• using map and compass techniques including resections/tri-bearings
  • using GPS devices
  • using grid references, estimation and Romer devices
  • across the three navigation activities, collectively use these navigation techniques:
  • using linear and point references
  • using terrain features: handrailing, collecting features, catch points
  • using compass techniques: aiming off, backbearing
  • using GPS: waypoints, routes
  • on two occasions, determine when there is a deviation from a planned route, adjust and resume the planned route after fixing position using:
  • manual techniques on one occasion
  • a GPS device on one occasion
  • determine two adjustments to routes in the field and navigate the changed routes using:
  • manual techniques on one occasion
  • a GPS device on one occasion.

Knowledge Evidence

Demonstrated knowledge required to complete the tasks outlined in elements and performance criteria of this unit:

  • trusted sources of maps for the region or locality
  • different technologies used to access maps
  • characteristics of different map types, their different uses, advantages and disadvantages, accuracy and sources of error:
  • paper based and digital
  • sketch maps and diagrams
  • guide book maps
  • charts
  • topographic
  • cadastral
  • information found on maps including symbols and what they represent:
  • survey or edition date
  • map legend
  • scale and distance
  • grid lines and numbers
  • cardinal points and bearings
  • contour lines, altitude and water depth
  • topographic features
  • markers and beacons
  • gradient
  • roads, tracks and waterways
  • magnetic variation and annual change
  • principal colours used on maps and what they represent
  • other information and key features that can assist navigation in difficult tracked environments:
  • satellite imagery
  • aerial photographs
  • features, functions and operation of global positioning systems (GPS):
  • when these might be used, advantages and disadvantages
  • reliability of signal, device and battery
  • system structure at fundamental level of understanding
  • how to identify and use datum grids
  • how to create, enter and transfer waypoints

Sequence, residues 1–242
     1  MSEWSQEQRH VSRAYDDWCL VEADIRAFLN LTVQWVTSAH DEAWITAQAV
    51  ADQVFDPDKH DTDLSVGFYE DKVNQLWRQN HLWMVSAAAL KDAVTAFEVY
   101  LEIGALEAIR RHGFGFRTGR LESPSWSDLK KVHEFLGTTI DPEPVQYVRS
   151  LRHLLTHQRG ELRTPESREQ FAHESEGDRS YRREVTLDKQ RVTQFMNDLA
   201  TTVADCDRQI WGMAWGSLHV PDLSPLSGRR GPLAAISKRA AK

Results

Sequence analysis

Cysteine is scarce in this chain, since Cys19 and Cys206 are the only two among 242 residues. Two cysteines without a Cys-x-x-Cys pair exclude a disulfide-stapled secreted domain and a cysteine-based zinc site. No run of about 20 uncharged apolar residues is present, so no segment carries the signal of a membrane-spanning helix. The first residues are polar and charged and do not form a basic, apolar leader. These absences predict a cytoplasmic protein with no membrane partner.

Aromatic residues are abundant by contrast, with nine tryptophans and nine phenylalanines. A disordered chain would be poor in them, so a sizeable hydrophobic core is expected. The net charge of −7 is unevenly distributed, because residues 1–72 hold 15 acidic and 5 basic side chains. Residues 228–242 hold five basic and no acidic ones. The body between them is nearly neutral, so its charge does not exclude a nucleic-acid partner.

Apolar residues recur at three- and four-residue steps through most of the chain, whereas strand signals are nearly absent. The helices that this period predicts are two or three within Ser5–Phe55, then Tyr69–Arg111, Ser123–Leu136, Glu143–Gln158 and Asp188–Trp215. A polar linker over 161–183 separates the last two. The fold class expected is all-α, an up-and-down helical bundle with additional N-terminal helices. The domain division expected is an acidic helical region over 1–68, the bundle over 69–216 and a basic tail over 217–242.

• how to create tracks, routes and grid references
  • accuracy and sources of errors
  • these different types of compasses, their features and factors which affect accuracy:
  • baseplate/orienteering
  • sighting/mirror
  • lensatic/prismatic
  • for difficult tracked environments, map and compass techniques used to:
  • calculate grid, magnetic and true north bearings
  • orientate map to surroundings
  • maintain a designated course
  • identify unfamiliar features
  • make significant adjustments to routes
  • techniques to determine location:
  • using map, identifying natural features, constructed objects and determining distance travelled
  • using map and compass techniques including resections/tri-bearings
  • using GPS devices
  • using grid references, estimation and Romer devices
  • the following navigation techniques used to effectively navigate in difficult tracked environments; advantages and disadvantages:
  • using linear and point references
  • using terrain features: handrailing, collecting features, catch points
  • using compass techniques: aiming off
  • using GPS: waypoints, routes
  • types of navigation aids found in the field and how these can assist with navigation:
  • track markers, signs and arrows
  • track and creek junctions and crossings
  • survey markers
  • beacons
  • cairns
  • natural features and constructed objects
  • contents of navigation data sheets and their purpose:
  • grid reference points
  • grid and magnetic bearings
  • distances
  • estimated travelling times
  • height gain or loss
  • gradient
  • identifiable features
  • escape routes
  • factors that affect the adjustment of routes during activities.

Assessment Conditions

Navigation skills must be demonstrated in a setting where outdoor recreation activities are delivered in difficult tracked environments. The environment must feature the following:

  • tracks, natural and constructed features are marked on maps but these could be unreliable
  • tracks are generally distinct but some parts of the track are indistinct
  • tracks have signage at the track head, with route markers but limited signage en route.

If in an alpine region and snow is present, assessment can only be completed if the track remains discernible.

The following resources must be available to replicate industry conditions of operation:

  • first aid equipment
  • communication equipment for emergency response.

Assessment must ensure use of:

  • maps relevant to the activity type
  • compasses and protractors
  • global positioning system (GPS) devices
  • activity plans
  • template navigation data sheets.

Assessors must satisfy the Standards for Registered Training Organisations requirements for assessors, and:

  • have a collective period of at least three years’ experience with an organisation providing recreational programs where they have applied the skills and knowledge covered in this unit of competency; the three years’ experience can incorporate full and or part time experience.

Links

Companion Volume Implementation Guides - https://vetnet.gov.au/Pages/TrainingDocs.aspx?q=1ca50016-24d2-4161-a044-d3faa200268b